From sensible suburban living to "The Good Life" stopping at various places including Rising Damp and Escape to the Country. Hopefully avoiding DIY SOS and Cowboy Builders

Tuesday, 18 June 2013

Getting on with it (with big boys toys)

With any new house, there is usually a "to do" list about as long as your arm, and Sunnyside is no exception. Except that the list is as long as several arms.

I had taken almost three weeks off work to kick start the process, with the one real target to have the greenhouse up and finished before returning to work. Not a big job, you might think, but true to form it's not quite that simple.

Firstly, there was an aged and infirm Willow Tree close enough to threaten the greenhouse if not removed, secondly the ground was not prepared, and thirdly Greenhouses Direct had informed us that the construction of a 8ft x 20ft greenhouse is at least a 6 day job.

Thankfully, the plan had worked in that the greenhouse was not due to arrive until the Friday following Easter, so I had 4 days to remove the tree. Clearly a little biddy hand saw was not going to be up to the job, so I got to go and buy Big Boys Toy Number 1.

Amazingly, Screwfix sold me a Chain Saw. Anyone who knows me, and my history of Stanley Knives, panes of glass etc, would know that "nothing could possibly go wrong".
In the event, nothing did and the tree, significantly more rotten than even we had suspected, gave up and fell over before I had cut through half of the trunk. At no point was it more than 6 or 7 inches thick, so bad was the rot in the middle. In retrospect, I think that the wind and rain we have had since may probably have brought it down anyway (no doubt into the greenhouse).

Of course, no DIY job in which I am involved can run completely smoothly, so I did manage to:
1. Cut the ground thus blunting the blade.
2. Throw the chain and mess it up completely.

This would normally be a show-stopper, but we live close enough to Handy Senior for me to be able to ask for assistance. I duly chipped up at his asking "do you have a vice, file etc so that I can fix this?"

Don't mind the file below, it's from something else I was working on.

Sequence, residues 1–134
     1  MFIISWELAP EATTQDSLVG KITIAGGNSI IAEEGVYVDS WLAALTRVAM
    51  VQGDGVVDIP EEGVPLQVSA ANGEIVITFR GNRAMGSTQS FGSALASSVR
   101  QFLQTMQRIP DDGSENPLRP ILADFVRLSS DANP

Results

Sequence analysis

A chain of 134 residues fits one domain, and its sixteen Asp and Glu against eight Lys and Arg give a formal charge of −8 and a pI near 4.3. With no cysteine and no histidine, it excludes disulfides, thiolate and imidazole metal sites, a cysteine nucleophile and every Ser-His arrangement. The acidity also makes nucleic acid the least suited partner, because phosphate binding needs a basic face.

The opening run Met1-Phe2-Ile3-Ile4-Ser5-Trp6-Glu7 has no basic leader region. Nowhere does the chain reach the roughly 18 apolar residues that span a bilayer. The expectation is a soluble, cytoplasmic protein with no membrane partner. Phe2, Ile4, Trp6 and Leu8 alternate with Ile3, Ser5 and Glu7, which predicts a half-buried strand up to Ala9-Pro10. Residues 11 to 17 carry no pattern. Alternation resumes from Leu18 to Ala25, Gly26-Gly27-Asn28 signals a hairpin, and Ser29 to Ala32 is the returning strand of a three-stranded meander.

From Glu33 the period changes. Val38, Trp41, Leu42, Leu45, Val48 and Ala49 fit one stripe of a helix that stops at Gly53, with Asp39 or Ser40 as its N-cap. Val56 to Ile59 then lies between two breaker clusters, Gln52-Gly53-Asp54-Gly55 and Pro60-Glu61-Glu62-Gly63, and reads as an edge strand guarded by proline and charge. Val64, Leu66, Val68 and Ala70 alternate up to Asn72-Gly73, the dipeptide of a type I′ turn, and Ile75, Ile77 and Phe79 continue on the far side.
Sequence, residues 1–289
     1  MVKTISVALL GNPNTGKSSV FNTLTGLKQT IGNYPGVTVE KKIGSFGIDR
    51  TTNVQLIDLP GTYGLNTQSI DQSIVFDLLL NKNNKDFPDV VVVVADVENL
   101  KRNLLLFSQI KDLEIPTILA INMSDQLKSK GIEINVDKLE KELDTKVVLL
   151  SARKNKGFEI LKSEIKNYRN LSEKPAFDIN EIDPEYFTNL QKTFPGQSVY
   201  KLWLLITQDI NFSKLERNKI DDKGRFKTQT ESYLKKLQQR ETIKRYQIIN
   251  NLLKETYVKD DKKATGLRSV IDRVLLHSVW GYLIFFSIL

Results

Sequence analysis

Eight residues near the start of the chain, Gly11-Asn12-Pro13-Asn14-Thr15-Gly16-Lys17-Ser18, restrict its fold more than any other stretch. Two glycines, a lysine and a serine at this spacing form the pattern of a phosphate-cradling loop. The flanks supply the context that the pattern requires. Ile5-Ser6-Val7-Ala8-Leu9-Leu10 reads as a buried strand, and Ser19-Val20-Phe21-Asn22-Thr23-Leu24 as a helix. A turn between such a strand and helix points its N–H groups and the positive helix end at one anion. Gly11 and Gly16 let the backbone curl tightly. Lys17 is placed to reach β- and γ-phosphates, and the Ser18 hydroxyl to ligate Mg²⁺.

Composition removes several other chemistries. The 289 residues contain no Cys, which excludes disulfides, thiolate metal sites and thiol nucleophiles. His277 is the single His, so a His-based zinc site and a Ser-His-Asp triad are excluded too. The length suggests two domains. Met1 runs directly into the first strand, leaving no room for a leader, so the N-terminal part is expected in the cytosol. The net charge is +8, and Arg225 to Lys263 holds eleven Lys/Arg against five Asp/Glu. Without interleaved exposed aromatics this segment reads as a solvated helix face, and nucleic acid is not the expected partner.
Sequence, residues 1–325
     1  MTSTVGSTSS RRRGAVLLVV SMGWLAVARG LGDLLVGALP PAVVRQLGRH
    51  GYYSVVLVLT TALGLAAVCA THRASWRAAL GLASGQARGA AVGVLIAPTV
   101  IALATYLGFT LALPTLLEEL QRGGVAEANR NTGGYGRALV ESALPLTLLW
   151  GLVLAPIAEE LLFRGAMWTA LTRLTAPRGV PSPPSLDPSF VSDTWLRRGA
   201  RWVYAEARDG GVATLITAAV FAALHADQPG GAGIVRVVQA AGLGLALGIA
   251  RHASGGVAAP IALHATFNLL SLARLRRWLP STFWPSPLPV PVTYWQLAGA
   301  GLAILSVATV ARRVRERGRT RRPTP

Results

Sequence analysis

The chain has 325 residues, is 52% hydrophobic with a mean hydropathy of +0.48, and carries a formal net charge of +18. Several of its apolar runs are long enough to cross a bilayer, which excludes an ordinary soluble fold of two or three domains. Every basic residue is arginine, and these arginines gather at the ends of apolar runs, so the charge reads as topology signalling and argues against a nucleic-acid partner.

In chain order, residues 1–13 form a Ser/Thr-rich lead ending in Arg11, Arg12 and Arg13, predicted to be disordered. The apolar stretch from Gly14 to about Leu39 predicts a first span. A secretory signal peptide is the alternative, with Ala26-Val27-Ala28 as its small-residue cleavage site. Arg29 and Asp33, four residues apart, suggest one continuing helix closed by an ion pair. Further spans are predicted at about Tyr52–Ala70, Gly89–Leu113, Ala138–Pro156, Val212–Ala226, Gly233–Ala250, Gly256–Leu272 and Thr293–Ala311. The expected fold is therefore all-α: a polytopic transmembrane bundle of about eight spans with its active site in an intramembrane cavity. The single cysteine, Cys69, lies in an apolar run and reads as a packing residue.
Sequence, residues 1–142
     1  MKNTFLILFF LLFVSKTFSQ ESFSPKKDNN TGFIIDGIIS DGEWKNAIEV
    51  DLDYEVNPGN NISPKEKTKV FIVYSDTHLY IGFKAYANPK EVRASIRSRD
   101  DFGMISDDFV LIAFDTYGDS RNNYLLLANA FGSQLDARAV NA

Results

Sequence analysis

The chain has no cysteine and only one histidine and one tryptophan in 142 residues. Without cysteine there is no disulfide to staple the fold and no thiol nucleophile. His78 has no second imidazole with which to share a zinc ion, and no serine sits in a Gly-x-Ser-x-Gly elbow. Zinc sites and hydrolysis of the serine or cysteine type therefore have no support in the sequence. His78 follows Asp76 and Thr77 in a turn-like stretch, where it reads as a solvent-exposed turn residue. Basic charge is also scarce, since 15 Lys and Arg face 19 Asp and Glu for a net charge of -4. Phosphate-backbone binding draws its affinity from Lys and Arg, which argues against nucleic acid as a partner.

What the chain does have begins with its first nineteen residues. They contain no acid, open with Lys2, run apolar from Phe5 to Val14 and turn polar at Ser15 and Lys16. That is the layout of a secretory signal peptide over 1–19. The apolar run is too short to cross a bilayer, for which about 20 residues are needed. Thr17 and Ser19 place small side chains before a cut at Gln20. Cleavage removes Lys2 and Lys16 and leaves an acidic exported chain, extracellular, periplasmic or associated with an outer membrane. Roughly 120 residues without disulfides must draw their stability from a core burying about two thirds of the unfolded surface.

His response was "hang on a minute" and to go rootling around in a drawer.

I have long suspected that my father is some sort of cross between magpie and squirrel, because he keeps everything. On this occasion, he outdid even himself, coming up not with tools, but a spare chainsaw blade of the exact correct size and make!

Thus I was able to continue, and after two days of hacking, sawing, carrying (and just a little bit of swearing under my breath) the tree was gone. Job Done. We even got rid of the line of shrubs in the background.
Now I'm looking forward to November 5th.

Getting used to it

The first order of the day, whenever moving house, should be to remove the Estate Agents Board to declare "we have arrived". Miraculously, I managed to find the "emergency box of tools" specially packed for such a purpose.

I was almost thwarted by the Estate Agents use of at least a 100mm screw to attach it to the gatepost.
Q. Why did it need screws that big?
A. As we would later discover, living here is significantly more exposed than being hidden in the middle of a housing estate.

As the picture shows, the snow was very slow to clear and in the end hung around for the best part of the Easter Weekend after we had moved. It also gave us the chance to move boxes around and to get used to the significantly smaller space we had moved into.